Monday, May 12, 2008

Maison Ikkoku Takes a “Slice of Life”, and It’s Good

The story of Maison Ikkoku may sound a little familiar. A student trying to get into college falls in love with his apartment manager, all while the crazy tenants interfere in their lives. As one of the early stories of its kind, it set the bar for future shows of its kind such as Love Hina and Mahoraba ~Heartful Days. Originally premiering on Japanese television in 1986, the anime adaptation to Rumiko Takahashi’s Maison Ikkoku has a timeless, classic feel with a universal storyline that makes it easy to relate to. While it does contain various cultural nuances unique to Japan, Takahashi manages to take a snapshot of Japanese life and make it even more fantastic. Well-known for her more fantastical series like InuYasha, Ranma ½, and her first major work Urusei Yatsura, Takahashi places Maison Ikkoku into a more realistic setting with a more serious, yet comedic tone.

Kyoko and Godai (far right) pictured with characters from Ranma ½ and Urusei Yatsura.

The story focuses on the new apartment manager Kyoko Otonashi and the ronin Yusaku Godai, who is still attempting to get into college. You immediately get to know the other tenants of the boarding house: the motherly Mrs. Ichinose, the promiscuous Akemi, and the mysterious Yotsuya. They quickly show off their favorite pastime, which tends to be frequent parties in Godai’s room to tease him and celebrate his failures to pass the college examinations. As Kyoko steps in as manager, it soon makes for a fun and comedic story with interesting characters and a nice look into life in Japan. However, Kyoko’s hidden past puts a twist on the story. With romantic rivals, financial hardships, and misunderstandings galore, Maison Ikkoku stands out from Takahashi’s other work.

From left to right: Yotsuya, Godai, Kyoko, Akemi, and Mrs. Ichinose with son Kentaro.

One of the best points about the show is the growth and realism of many of the characters. From the beginning of the series to the end, you see Godai, Kyoko, and many others make mistakes, show character flaws, and mature as the show goes on. Seeing them grow and respond makes you care about them more. While a good portion of the show depends on a misunderstanding to develop the plot, this showcases the character’s personality traits and the time period to cover some of its flaws. Throughout each episode, there is a sense of melancholy and serenity in each scene transition, using train passings, nature scenes, and depictions of daily life to set an overall tone and mood. Spanning across ninety-six episodes, Maison Ikkoku’s slower pace gives you a look into each individual. Episodes feel less like filler and more essential to the story and the character’s development. Many recurring characters are introduced, which only further adds to the story and growth of its cast.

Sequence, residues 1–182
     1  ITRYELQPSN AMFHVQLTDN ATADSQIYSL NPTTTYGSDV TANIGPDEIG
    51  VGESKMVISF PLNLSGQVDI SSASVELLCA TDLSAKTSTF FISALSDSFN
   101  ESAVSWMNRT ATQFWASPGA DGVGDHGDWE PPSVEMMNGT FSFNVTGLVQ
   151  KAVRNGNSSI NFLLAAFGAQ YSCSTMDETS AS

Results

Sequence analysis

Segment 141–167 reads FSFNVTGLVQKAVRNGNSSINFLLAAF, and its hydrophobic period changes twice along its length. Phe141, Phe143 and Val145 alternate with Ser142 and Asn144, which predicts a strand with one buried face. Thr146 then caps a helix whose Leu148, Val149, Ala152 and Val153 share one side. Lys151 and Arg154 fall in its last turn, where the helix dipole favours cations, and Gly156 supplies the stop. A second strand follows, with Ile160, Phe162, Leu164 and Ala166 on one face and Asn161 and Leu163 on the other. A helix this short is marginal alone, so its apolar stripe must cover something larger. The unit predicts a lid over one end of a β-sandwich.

While perfectly fine when taken at face value, the various cultural notes and subtleties add a whole other layer to Maison Ikkoku. The rebellious nature of Kyoko, the wishy-washy attitude of Godai, and the daily grind of the tenants in the boarding house can reveal more than just being used as tools to fuel the plot. For example, Kyoko’s attitude towards her parents and her position as a single working woman says more in Japan then the same in other countries. If taken the time to look into it, there is more to be found then just simple comedy or plot scenes.

It is difficult to describe the uniqueness and appeal of Maison Ikkoku on paper. The show has this sense of serene frenzy that goes beyond the mere description of romantic comedy. Seeing Godai and Kyoko grow and change throughout the show makes you root for them even more. As they try to find their place within typical Japanese life, you get to laugh, cheer, and shout along the way.

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Therese,  May 27, 2008 at 7:05 PM  

I'm not a fan of Maison Ikkoku but do have an affection for the series itself, since it was one of the first anime I was introduced to.

Redskyy May 27, 2008 at 10:54 PM  

After already being familiar with Takahashi's work like Ranma 1/2 and Urusei Yatsura, seeing how different, yet similar Maison Ikkoku was made for a nice breath of fresh air.

I think I was captured by the realistic tones and setting while it still maintained its comedic moments.

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